This fall a bright star will begin a puzzling transformation that only happens every 27 years. To help study this event, astronomers have launched a new citizen science project called "Citizen Sky" at www.CitizenSky.org.
Epsilon Aurigae is a bright star that can be seen with the unaided eye even in bright urban areas of the Northern Hemisphere from fall to spring. This fall it is predicted to gradually lose half its brightness until early winter. It will remain faint during all of 2010 before slowly regaining its normal brightness by the summer of 2011.
Since its discovery in 1821, the cause of this dip in brightness has remained a mystery to astronomers. But this time they have a powerful new resource to help study the upcoming event: thousands of citizen scientists.
"This star is too bright to be observed with the vast majority of professional telescopes, so this is another area where public help is needed," said Dr. Arne Henden, director of the American Association of Variable Star Observers (AAVSO).
Supported by a three-year grant from the National Science Foundation, Citizen Sky will recruit, train, and coordinate public participation in this project. What makes this project different from previous citizen science projects is its emphasis on participation in the full scientific method. Participants are not being asked simply to collect data. They will also be trained to analyze data, create and test their own hypotheses, and to write papers for publication in professional astronomy journals. Participants can work alone on all phases of the project or they can focus on one stage and team up with others.
"Citizen science can be much more than data collection. Participants often have real-world experience and/or advanced degrees in areas that can be applied to astronomy. Our goal is to introduce the public to authentic science and at the same time use this talent to help astronomers," Henden said.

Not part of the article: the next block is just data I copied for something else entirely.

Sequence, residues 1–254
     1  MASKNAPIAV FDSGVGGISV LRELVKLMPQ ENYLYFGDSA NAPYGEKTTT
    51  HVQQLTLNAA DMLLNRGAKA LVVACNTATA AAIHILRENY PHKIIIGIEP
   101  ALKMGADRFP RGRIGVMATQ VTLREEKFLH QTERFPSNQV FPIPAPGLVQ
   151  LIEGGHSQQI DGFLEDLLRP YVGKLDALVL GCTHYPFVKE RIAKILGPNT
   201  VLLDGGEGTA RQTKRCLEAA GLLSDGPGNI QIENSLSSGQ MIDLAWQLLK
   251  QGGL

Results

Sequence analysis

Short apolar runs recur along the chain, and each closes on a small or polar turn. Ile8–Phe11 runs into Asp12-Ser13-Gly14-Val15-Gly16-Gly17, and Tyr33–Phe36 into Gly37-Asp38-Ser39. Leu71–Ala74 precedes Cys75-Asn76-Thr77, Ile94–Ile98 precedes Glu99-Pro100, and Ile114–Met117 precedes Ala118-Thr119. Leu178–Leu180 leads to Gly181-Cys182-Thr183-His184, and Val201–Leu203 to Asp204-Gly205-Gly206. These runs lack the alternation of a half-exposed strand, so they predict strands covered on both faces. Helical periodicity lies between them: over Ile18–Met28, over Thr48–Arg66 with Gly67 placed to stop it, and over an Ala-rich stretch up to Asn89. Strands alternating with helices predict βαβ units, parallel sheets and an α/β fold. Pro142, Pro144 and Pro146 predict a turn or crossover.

The lead astronomer for this project is Dr. Robert Stencel, the William Herschel Womble Professor of Astronomy at Denver University. Dr. Bob, as the amateur astronomy community knows him, studied the last event in 1982-84 while working at NASA. "This is truly an amazing star system. It contains both a supergiant star and a mysterious companion. If the supergiant was in our solar system, its diameter would extend to Earth, engulfing us," Stencel said. "The companion only makes its presence known every 27 years and is a type of 'dark matter' in that we indirectly detect its presence but don't know what it is.
"To make things even more fun, we also have some evidence of a substantial mass, perhaps a large planet, spiraling into the mysterious dark companion object. Observations during the upcoming eclipse will be key to understanding this and predicting what will happen if the putative planet does eventually fall into the star," Dr. Bob added.
Citizen Sky is a collaboration of the AAVSO, Denver University, Adler Planetarium and Astronomy Museum, Johns Hopkins University, and the California Academy of Sciences. The United Nations and the United States Congress have both endorsed 2009 as the International Year of Astronomy (IYA). Citizen Sky was developed as part of the coordinated United States' IYA effort.